From the jaws of a croc: attack survivor finishes Midmar Mile
For 72-year-old Peter Knottenbelt, the swim was proof that he'd finally fought off the croc that attacked him
When Peter Knottenbelt crossed the finish line at the Midmar Mile nearly 53 minutes after he started, it was the culmination of a journey that started, in earnest, more than a year before.
On January 6 2018 he was in the Olifants River with his granddaughter when his life changed forever: the recently-retired former University of Johannesburg mining department lecturer stood on the back of a crocodile.
“We arrived at this place in Hoedspruit and my wife and other family from Johannesburg were sorting out the food and groceries and taking the clothes into the guesthouse. Myself and my granddaughter, who was 18 at the time, walked down to the river. We walked across it and, on our way back, we saw a sandbank downstream. My granddaughter decided to go onto the bank ... but I decided to walk around.
“As I walked around a little deeper and deeper, maybe a bit above my navel, to chest level ... there was sand and then sand and then sand – and then I put my right foot on something that clearly was not sand. I recognised immediately that it was a crocodile’s back. In that half a second or quarter of a second, it turned around, grabbed my leg and crushed the lower bones in my leg. And then I remember it adjusting its grip and smashing the bones again, and me being thrown around from one side and another,” he told Times Select after arriving back at his Benoni home on Sunday.
He shouted to his family that he was being attacked, but they thought he was playing a joke on them.
“I shouted: ‘This is no joke’. They realised that this was reality. I was left in the water slowly going downstream, being attached to the croc in its jaw. It was frightening, I must say.”
Rangers tried to come to his aid, but they couldn’t scare off the animal despite firing gunshots into the river.
“I was now quite weak. By this time about 10 to 15 minutes had passed. I was busy being carried downstream.
“Somehow or another, but I don’t remember how, I ended up with my upper body in its jaws. I know this because there was no other way that I was able to put my thumbs in the eyes into the croc like I was,” he said.
Eventually, the crocodile just stopped, and Knottenbelt saw this as his chance to escape – so he shoved his thumbs in with even more force.
“All of a sudden it threw me out of its mouth, about a metre. The ranger jumped into the water and came across to pull me out,” he said.
His injuries were severe: A broken sternum which was compressed into his heart;
Six broken ribs, two of them in two places;
Punctured lungs from the broken ribs;
A dislocated collarbone;
A broken scapula; and
A “whole pile” of, not just lacerations, but puncture wounds that penetrated his chest. He also broke both wrists.
Knottenbelt was treated on the river bank, and then rushed by ambulance to a hospital in Polokwane. Several hours had passed. He was taken straight into theatre and stabilised. But the medical staff realised he would need greater care, so he was airlifted to Milpark in Johannesburg.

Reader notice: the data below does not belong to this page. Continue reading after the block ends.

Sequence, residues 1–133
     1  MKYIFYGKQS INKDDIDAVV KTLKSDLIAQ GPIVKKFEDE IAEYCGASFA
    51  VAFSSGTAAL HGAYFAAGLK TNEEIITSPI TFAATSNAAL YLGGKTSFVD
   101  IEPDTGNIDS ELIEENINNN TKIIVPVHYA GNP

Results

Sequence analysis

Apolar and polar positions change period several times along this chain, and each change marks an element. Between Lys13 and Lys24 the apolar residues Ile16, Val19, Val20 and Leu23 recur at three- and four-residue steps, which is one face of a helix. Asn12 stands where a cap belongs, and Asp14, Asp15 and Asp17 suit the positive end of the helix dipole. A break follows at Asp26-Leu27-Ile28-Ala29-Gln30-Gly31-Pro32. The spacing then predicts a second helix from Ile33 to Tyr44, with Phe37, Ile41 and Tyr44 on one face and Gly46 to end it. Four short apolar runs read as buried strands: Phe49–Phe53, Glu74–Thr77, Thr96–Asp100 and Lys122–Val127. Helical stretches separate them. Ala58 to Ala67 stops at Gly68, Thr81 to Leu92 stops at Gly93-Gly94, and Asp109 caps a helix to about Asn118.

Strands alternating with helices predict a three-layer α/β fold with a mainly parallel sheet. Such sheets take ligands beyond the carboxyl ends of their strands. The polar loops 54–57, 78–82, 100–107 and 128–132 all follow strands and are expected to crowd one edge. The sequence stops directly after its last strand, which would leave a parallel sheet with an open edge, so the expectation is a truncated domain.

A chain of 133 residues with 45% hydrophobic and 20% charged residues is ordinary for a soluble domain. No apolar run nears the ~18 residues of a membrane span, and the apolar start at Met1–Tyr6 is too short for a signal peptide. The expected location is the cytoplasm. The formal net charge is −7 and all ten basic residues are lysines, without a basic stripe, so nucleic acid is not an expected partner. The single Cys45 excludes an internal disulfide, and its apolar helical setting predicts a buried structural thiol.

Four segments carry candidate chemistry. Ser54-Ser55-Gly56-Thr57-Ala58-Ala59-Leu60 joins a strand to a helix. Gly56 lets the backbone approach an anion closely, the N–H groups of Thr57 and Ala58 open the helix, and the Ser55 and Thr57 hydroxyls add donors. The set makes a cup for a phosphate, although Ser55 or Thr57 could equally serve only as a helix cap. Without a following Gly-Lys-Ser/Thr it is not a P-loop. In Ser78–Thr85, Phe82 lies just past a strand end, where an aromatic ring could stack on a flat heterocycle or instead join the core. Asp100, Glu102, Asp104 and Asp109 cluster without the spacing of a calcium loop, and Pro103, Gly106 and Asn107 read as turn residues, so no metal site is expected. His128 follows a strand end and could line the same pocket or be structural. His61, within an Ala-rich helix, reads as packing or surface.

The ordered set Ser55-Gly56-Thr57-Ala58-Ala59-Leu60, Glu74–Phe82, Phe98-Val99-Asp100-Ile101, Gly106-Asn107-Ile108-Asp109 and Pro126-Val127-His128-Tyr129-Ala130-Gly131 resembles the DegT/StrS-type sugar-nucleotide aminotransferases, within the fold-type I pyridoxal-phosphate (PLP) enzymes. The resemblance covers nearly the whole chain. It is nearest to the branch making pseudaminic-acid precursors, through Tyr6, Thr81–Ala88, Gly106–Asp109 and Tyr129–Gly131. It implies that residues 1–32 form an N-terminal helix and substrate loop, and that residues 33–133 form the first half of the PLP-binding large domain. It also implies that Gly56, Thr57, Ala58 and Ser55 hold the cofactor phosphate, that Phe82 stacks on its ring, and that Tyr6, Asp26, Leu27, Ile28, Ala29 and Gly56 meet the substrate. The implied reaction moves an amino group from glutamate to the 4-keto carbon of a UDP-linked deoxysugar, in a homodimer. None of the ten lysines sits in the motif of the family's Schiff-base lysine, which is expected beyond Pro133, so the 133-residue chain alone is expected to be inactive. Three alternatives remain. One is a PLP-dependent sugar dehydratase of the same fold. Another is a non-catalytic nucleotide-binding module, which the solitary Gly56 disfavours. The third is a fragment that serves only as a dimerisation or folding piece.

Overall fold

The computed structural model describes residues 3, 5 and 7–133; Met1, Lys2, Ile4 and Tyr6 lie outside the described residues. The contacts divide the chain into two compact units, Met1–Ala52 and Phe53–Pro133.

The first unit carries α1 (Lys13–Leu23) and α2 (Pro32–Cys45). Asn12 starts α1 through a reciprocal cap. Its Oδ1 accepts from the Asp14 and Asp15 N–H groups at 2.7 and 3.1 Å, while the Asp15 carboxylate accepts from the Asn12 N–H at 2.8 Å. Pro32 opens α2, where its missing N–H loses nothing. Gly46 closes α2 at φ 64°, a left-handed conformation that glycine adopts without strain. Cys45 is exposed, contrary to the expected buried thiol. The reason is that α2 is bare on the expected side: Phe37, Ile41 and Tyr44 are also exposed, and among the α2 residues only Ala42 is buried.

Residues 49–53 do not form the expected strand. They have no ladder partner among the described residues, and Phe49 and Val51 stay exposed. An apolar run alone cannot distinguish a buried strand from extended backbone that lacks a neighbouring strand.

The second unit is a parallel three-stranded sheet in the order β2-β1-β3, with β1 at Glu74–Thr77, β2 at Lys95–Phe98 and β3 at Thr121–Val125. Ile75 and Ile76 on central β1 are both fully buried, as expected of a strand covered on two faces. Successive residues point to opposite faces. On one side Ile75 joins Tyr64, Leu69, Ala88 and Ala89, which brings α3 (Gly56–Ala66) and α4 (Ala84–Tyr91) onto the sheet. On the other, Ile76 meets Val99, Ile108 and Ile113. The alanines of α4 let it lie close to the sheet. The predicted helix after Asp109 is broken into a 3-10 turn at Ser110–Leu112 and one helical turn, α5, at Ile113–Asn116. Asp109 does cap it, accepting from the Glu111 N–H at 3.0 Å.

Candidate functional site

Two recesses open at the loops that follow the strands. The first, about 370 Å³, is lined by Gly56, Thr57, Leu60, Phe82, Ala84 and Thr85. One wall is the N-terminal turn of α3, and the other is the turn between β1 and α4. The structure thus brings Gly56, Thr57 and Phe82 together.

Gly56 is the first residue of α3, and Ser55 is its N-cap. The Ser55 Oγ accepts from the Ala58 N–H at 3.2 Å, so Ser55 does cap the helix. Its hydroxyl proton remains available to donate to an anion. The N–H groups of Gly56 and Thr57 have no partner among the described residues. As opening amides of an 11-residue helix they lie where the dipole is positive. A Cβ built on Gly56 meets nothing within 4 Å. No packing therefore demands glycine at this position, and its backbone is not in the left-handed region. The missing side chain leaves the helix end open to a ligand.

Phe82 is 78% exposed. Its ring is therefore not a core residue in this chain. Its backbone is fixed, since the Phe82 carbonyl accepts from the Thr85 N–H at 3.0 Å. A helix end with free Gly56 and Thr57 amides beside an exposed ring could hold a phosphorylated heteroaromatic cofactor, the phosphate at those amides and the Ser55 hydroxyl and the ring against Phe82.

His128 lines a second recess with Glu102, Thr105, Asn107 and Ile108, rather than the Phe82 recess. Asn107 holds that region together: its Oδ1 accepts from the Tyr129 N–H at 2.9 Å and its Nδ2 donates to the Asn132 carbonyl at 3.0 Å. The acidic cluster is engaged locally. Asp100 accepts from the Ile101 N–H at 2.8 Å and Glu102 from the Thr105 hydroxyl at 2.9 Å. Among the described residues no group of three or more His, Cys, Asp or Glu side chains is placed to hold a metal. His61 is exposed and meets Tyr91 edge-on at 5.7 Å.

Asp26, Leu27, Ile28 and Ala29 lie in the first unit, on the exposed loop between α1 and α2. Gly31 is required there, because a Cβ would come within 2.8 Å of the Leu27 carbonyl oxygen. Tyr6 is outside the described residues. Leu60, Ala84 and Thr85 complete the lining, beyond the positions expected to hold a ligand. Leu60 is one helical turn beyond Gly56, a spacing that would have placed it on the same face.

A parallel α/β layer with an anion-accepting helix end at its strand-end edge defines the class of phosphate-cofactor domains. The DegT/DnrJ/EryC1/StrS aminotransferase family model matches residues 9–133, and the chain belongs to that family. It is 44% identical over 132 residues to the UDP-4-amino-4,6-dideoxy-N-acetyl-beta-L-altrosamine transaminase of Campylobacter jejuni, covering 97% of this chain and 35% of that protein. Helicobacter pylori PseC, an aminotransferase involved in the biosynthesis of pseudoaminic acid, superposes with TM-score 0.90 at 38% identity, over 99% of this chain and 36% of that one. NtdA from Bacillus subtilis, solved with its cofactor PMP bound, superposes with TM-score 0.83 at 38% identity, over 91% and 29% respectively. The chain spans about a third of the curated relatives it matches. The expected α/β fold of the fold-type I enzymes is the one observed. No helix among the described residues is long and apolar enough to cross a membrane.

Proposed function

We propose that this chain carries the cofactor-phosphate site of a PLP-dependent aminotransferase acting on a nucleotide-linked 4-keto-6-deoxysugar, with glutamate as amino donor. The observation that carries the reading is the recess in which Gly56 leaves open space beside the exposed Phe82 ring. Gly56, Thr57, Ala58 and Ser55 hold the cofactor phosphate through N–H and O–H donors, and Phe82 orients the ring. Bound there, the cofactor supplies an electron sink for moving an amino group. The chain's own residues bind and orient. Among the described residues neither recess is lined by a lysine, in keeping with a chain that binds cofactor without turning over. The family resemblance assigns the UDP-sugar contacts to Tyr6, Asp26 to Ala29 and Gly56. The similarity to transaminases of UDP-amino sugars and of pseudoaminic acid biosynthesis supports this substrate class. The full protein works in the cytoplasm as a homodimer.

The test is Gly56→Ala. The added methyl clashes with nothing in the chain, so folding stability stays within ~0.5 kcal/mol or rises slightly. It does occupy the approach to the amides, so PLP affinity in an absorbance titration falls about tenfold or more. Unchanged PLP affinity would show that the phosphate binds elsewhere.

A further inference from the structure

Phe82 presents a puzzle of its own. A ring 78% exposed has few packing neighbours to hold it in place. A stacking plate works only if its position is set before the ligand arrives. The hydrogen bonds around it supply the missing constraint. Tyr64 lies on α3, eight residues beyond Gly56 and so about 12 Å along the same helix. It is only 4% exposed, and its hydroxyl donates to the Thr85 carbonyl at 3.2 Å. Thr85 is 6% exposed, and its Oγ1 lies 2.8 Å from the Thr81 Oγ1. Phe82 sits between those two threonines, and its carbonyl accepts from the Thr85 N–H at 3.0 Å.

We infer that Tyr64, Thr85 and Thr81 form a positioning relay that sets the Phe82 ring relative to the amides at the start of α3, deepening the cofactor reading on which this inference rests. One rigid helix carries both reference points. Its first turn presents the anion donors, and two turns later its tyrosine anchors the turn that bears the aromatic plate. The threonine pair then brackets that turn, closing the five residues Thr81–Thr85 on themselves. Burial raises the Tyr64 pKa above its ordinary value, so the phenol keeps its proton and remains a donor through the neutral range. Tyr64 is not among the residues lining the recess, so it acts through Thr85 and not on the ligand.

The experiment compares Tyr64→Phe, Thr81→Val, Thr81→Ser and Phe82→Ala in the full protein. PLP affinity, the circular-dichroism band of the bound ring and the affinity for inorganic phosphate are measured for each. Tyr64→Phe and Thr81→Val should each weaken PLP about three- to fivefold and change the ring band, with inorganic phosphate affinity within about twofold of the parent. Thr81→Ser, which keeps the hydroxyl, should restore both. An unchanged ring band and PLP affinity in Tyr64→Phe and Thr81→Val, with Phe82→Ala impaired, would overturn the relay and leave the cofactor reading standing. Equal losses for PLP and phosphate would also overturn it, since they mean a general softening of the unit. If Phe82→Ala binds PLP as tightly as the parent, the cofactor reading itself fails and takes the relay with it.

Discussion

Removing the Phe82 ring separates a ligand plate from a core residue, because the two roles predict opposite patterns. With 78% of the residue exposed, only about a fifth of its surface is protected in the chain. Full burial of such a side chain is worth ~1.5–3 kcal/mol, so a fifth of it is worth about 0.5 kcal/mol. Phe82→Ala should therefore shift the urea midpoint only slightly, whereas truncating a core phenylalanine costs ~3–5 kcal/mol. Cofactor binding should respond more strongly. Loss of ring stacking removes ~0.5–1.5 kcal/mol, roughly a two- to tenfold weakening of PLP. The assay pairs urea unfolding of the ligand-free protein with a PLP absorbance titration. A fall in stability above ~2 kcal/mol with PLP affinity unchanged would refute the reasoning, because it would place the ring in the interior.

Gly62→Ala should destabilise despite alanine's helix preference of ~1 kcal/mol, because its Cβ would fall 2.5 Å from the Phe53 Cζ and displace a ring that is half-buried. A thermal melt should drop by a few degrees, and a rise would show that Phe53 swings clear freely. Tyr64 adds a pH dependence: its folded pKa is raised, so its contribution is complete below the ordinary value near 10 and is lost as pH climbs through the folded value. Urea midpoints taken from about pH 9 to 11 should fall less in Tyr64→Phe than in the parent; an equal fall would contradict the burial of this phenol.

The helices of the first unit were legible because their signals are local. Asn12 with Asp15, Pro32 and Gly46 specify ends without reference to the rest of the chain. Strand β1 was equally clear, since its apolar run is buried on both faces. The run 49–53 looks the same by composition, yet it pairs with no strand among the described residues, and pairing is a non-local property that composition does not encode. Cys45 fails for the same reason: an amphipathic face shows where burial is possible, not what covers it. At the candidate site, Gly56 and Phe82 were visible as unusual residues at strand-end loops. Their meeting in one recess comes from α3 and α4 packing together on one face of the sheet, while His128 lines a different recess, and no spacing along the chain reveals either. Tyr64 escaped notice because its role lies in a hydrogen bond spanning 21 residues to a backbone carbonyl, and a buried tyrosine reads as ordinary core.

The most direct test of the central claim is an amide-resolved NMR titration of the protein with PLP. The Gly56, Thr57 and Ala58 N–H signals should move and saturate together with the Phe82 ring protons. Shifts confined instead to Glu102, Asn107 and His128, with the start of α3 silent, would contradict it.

“Fourteen days later I was taken out of this coma. I had 13 different surgeries. I had a through-the-knee amputation, and that saved my life because I had been totally infected.
“Forty-four days [after the attack] I came out of ICU and another two weeks or so in the ward. A month in rehab in Benoni and then back home for the recovery,” he said.
The Midmar Mile, he said, was his proof that he wasn’t allowing himself to be defined by what happened to him.
“On the day I finished Midmar a year ago, I was in ICU fighting for my life. As I decided I cannot just let myself stagnate, I decided to re-learn how to swim, re-learn how to work some of the machines at gym, and slowly got my strength back.
“Midmar was really my proof to myself that I’ve fought the thing; the crocodile, the medical problems I faced, and that I've brought myself back to reasonable level of fitness.
“Life was never the same again, but as best as I can, I have returned to some level of normality.”
Knottenbelt wasn’t the only disabled finisher in the event. Olympian Terrence Parkin came in first in the deaf category, and Aaron Putz won the intellectually impaired category.
But it was Chad Grifford who perhaps stole the show. He finished the “16 Miler”, which involves swimming not just in all eight races across the two days but also eight additional events. What makes him even more remarkable is that he had lost both his legs.
In the eighth and final race of the event, 21-year-old international swimmer Nick Sloman claimed victory in a time of 17:01. This was just one second off the record set by South African Chad Ho. Second place went to Michael McGlynn (17:28) with Daniel Marais (17:29) in third.
Marais described the final as “super exciting”, and said the performance of the women’s winner, Kareena Lee, would have given Sloman the confidence to swim a great race. Lee – who finished in a time of 18:20 in the race just before final event – is one of Sloman's training partners.
“They’ve both really been doing the hard yards and putting the work in. They swam yesterday, listened, looked and learned. It was a great event,” he said.